Results

Cytokines increased permeability without affecting cell viability or membrane integrity

Combined application of IFNγ and TNFα (10 ng·mL −1 ) in Caco-2 cells caused a reversible decrease in TEER (i.e. increased permeability) over the 72 h measurement period. Application of IFNγ and TNFα to Caco-2 cells did not affect the Caco-2 cell mitochondrial activity at any point over the 72 h experimental period compared with the vehicle group, as indicated by the MTS assay (OD at 72 h; vehicle 0.54 ± 0.03, cytokine application, 0.52 ± 0.01, n= 4). The total LDH release from Caco-2 cells treated with cytokines was also not significantly different to vehicle at any point over the 72 h experimental period (OD at 72 h; vehicle 0.22 ± 0.01, cytokine application, 0.11 ± 0.01, n= 4).

Apical application of phytocannabinoids recovers cytokine-induced increased permeability

Twenty-four hours after exposure to IFNγ and TNFα, apical application of either THC or CBD (10 µM) accelerated the recovery of TEER values (see Figure 1A ), and the total response over time (AUC) was significantly different to vehicle controls for both THC and CBD (P < 0.01, Figure 1B ). Further experiments showed that the ability of THC and CBD to speed the recovery of TEER values after 24 h cytokine application was concentration-dependent (see Figure 2 and Table 1 ). When a sigmoidal concentration–response curve was plotted with the AUC data presented in Table 1 , the logEC50 of THC and CBD were −6.03 and −5.68, respectively.

Concentration–response curves to THC (A), CBD (B), AEA (C) and 2-AG (D) applied apically on the fall in TEER caused by cytokine application. Data are given as means with error bars representing SEM. (n= 3, *P < 0.05, **P < 0.01, ***P < 0.001, anova ).

Table 1

Area under the curve values (%·min −1 ) for the concentration–responses to cannabinoids on TEER

THC CBD AEA 2-AG
Vehicle 1062 ± 96 1327 ± 210 1330 ± 162 1018 ± 72
100 nM 1097 ± 113 1192 ± 92 1258 ± 41 1059 ± 45
300 nM 868 ± 67 1134 ± 81 1353 ± 73 985 ± 57
1 µM 726 ± 168 843 ± 40 * 1663 ± 132 1224 ± 81
3 µM 519 ± 130 ** 665 ± 177 ** 1671 ± 76 1265 ± 86
10 µM 315 ± 20 *** 336 ± 14 *** 1763 ± 84 * 1622 ± 103 **
30 µM 226 ± 12 *** 263 ± 49 *** 2519 ± 65 *** 2694 ± 129 ***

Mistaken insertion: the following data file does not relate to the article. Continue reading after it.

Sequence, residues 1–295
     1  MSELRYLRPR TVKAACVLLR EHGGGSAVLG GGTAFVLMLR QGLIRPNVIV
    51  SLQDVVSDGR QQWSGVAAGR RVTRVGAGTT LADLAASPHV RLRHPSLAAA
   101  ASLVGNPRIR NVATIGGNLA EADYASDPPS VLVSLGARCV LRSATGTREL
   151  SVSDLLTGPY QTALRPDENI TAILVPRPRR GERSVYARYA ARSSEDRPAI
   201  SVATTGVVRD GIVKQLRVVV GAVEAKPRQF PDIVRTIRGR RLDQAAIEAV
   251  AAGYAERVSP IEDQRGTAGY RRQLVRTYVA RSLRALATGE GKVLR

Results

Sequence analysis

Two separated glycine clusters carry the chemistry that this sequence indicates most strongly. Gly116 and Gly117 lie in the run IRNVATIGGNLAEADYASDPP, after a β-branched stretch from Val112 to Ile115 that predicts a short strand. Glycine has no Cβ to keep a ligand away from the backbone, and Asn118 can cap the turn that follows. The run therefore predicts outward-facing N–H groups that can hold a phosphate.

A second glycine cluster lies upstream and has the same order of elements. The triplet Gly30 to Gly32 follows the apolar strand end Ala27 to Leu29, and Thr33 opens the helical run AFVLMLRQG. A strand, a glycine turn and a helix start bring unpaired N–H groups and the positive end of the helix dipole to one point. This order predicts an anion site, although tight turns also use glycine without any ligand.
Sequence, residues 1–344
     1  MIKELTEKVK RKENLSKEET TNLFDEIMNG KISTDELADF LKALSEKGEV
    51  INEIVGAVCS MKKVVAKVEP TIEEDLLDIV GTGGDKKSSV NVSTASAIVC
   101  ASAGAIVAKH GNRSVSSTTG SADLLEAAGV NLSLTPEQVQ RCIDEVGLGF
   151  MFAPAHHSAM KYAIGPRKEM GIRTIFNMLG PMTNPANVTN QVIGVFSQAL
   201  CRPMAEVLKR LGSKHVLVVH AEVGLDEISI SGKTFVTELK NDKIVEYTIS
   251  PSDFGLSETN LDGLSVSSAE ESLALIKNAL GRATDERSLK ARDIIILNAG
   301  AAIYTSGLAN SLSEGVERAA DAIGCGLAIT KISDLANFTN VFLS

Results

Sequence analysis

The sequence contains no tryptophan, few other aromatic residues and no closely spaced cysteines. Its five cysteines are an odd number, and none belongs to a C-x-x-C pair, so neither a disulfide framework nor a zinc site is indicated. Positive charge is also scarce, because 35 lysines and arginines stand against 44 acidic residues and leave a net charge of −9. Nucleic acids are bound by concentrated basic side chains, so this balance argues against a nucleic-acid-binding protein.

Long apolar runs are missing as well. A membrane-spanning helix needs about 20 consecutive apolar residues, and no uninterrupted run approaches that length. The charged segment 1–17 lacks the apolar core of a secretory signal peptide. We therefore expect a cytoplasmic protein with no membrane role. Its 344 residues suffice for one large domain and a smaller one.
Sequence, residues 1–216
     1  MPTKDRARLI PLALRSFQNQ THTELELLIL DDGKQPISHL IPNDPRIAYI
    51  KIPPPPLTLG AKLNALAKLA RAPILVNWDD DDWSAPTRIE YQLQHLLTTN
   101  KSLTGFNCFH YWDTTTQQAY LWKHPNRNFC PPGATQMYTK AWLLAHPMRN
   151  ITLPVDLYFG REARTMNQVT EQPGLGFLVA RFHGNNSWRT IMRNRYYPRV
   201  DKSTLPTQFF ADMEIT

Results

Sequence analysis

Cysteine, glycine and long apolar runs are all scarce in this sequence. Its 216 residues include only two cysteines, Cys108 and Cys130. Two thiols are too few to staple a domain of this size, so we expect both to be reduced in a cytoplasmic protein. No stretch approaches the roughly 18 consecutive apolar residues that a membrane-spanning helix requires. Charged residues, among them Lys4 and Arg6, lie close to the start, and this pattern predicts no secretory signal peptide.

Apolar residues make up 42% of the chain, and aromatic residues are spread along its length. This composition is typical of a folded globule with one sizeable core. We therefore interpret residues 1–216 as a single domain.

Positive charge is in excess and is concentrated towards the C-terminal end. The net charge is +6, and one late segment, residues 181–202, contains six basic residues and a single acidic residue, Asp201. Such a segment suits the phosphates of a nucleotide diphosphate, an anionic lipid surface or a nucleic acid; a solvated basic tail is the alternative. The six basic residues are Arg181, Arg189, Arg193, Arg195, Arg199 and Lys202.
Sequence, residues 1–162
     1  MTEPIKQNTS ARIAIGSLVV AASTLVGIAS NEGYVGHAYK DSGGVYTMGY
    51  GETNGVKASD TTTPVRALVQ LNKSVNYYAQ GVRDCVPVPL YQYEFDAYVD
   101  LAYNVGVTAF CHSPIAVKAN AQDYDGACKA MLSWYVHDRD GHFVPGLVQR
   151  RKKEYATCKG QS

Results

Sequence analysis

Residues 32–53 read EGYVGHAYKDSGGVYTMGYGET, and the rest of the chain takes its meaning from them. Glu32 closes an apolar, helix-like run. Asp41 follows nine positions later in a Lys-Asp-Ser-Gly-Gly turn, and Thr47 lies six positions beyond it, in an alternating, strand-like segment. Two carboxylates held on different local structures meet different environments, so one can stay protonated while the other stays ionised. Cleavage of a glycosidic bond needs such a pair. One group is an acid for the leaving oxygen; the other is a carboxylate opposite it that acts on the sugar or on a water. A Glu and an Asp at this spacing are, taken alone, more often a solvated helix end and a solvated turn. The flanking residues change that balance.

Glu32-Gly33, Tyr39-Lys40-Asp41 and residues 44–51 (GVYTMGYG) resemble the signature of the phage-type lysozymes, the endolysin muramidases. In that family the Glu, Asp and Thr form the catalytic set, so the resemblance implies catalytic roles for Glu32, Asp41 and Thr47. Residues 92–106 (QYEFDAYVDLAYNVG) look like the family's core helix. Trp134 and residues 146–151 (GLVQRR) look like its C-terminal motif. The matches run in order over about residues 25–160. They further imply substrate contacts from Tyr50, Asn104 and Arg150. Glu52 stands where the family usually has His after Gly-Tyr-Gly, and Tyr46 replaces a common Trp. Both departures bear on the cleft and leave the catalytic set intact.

Data are given as means with error bars representing SEM. Significant difference between vehicle and drug responses,

Apical application of endocannabinoids further increases permeability after cytokine application

Twenty-four hours after exposure to IFNγ and TNFα, apical application of endocannabinoids (10 µM of either AEA or 2-AG) caused a further and sustained drop in TEER in addition to the effects of cytokines (P < 0.05, Figure 1C and D ). Further experiments showed that this effect was concentration-dependent (see Figure 2 and Table 1 ). When a sigmoidal concentration–response curve was plotted with the AUC data presented in Table 1 , the logEC50 of AEA and 2-AG were −3.95 and −3.78, respectively.

The effects of both phytocannabinoids and endocannabinoids are CB1 mediated

The effects of THC and CBD were only significantly inhibited by the cannabinoid CB1 receptor antagonist, AM251. Similarly, the effects of the endocannabinoids AEA and 2-AG were also only sensitive to AM251 ( Figure 3 and Table 2 ).

The effects of various receptor antagonists on the effects of THC (10 µM, A), CBD (10 µM, B), AEA (10 µM, C) and 2-AG (10 µM, D) applied apically on the fall in TEER caused by cytokine application. Data are given as means with error bars representing SEM. (n= 3, *P < 0.05, **P < 0.01, ***P < 0.001, anova ).

Table 2

Area under the curve values (%·min −1 ) for the effects of cannabinoids on TEER in the presence of various receptor antagonists

THC CBD AEA 2-AG
Vehicle 1442 ± 334 1386 ± 247 1232 ± 47 1100 ± 34
Cannabinoid (10 µM) 531 ± 85 ** 555.5 ± 62 *** 1886 ± 62 ** 1561 ± 71 **
& AM251 1152 ± 157 1351 ± 30 1112 ± 17 1137 ± 121
& AM630 513 ± 50 ** 519 ± 4 *** 1787 ± 77 ** 1627 ± 61 **